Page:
Apple announces Mac transition to Apple silicon, here’s what it means for app developers

Laurent Giret

Apple has just wrapped up its WWDC opening keynote, and as expected, the company officially announced that Macs would soon transition to Apple silicon. This will be the latest major change for the Mac line since Apple abandoned PowerPC processors in favor of Intel ones in 2005, and it will have pretty big implications for app developers.

As we learned at the end of today’s keynote, Apple actually demoed macOS Big Sur, the next version of macOS shipping later this fall on new ARM-based Macs. Apple’s Mac apps have already been recompiled for the ARM64 architecture, including complex programs like Final Cut and Logic Pro. Xcode, Apple’s integrated development environment is also ready for the ARM transition, and it will allow Mac developers to recompile their existing apps for ARM in a matter of days while letting developers still support Intel-based Macs if they want to.

Apple showed today a couple of third-party apps that have already recompiled for ARM-based Macs, including Word, Excel, and PowerPoint, as well as Adobe Lightroom and Photoshop.

While Apple will provide developers all the tools they need to recompile their apps for the ARM64 architecture, macOS will also come with Rosetta 2, a new version of the Rosetta emulation tool that Apple launched during the Power PC/Intel transition. With Rosetta 2, Apple promises that Mac users will be able to run all of their apps on day one, with the emulator being able to automatically translate apps at install time. This will even work for complex apps that use plugins, as well as video games. Apple actually showed Shadow of the Tomb Raider running on an ARM Mac via Rosetta 2, and the game ran very smoothly.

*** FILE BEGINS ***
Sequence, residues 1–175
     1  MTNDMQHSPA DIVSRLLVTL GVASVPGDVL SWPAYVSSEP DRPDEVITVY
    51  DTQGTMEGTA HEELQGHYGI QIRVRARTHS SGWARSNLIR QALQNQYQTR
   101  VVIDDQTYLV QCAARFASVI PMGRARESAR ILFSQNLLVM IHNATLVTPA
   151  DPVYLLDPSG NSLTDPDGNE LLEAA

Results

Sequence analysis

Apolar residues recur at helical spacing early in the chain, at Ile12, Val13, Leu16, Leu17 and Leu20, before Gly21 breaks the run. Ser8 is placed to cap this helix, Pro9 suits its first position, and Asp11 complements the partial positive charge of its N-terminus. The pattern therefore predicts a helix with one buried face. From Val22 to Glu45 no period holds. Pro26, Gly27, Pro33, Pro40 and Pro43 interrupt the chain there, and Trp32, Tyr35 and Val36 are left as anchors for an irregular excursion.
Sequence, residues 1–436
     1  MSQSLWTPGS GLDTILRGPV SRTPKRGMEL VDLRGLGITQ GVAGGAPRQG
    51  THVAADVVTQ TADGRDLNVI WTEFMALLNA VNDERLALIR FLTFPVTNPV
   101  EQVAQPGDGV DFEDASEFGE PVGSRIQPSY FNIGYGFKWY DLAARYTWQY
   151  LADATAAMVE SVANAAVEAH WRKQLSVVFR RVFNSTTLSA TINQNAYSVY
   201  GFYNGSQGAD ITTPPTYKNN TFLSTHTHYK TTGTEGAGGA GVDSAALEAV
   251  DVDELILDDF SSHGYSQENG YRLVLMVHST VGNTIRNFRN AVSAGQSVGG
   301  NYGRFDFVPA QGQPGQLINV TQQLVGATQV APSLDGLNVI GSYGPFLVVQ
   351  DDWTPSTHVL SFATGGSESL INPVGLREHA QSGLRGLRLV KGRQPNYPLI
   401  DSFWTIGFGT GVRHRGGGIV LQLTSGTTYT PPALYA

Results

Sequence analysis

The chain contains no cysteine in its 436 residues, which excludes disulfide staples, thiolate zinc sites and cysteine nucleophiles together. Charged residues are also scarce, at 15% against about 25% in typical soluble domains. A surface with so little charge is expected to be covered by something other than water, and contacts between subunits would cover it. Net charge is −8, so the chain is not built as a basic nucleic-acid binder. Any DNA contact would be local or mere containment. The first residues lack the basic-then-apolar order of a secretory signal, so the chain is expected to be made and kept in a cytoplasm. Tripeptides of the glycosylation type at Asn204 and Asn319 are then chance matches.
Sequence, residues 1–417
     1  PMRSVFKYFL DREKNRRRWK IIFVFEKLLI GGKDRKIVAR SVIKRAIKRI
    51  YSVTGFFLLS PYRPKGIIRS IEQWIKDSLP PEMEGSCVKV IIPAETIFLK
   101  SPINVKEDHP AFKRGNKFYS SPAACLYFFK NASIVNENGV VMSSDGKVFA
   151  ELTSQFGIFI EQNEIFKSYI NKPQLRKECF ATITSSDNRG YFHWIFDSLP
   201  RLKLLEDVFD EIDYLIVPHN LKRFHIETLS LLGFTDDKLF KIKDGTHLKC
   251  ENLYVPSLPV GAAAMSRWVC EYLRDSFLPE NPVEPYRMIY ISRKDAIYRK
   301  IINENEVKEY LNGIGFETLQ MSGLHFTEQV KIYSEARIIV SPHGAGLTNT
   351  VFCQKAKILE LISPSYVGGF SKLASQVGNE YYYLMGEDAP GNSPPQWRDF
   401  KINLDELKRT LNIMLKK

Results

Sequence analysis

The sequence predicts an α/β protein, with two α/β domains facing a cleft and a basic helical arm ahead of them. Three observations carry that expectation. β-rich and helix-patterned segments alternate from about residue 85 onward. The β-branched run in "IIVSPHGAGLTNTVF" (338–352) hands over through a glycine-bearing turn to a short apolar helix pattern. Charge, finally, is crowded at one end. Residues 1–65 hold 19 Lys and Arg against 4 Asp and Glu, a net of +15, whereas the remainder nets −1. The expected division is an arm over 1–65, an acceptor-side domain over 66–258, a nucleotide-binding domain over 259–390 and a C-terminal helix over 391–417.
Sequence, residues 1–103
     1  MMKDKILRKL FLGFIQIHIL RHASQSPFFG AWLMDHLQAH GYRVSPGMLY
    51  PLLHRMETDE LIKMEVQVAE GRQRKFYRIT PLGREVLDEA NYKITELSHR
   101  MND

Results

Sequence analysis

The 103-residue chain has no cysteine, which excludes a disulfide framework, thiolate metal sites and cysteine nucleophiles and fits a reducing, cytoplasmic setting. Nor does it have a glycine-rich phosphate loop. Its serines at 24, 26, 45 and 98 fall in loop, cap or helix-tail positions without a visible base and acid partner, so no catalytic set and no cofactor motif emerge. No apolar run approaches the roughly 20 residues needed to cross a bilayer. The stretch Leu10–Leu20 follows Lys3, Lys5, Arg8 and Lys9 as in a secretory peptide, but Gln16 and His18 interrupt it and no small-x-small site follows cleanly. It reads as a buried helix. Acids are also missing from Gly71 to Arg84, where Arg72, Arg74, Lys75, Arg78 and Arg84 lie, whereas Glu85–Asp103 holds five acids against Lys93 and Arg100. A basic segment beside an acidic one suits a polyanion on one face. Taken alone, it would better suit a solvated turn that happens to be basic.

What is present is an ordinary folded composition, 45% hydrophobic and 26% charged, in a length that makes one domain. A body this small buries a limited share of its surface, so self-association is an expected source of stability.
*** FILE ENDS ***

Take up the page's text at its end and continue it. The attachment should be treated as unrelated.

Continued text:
In addition to the ability to run all existing Mac apps, ARM-based Macs will also be able to run all iPhone and iPad apps completely unmodified. With Project Catalyst, Apple still allows developers to easily transform iPad apps into Mac apps, but the ability to run any iPhone or iPad app should open a lot more possibilities.

Overall, it seems that Apple has really made sure to make the transition to ARM as smooth as possible for Mac users. The company plans to ship the first ARM-based Macs later this year, and it expects the transition from Intel chips to be completed over the next 2 years. However, the company still plans to release Intel-based Macs in the near future, though the company didn’t specify if this would include all Mac models.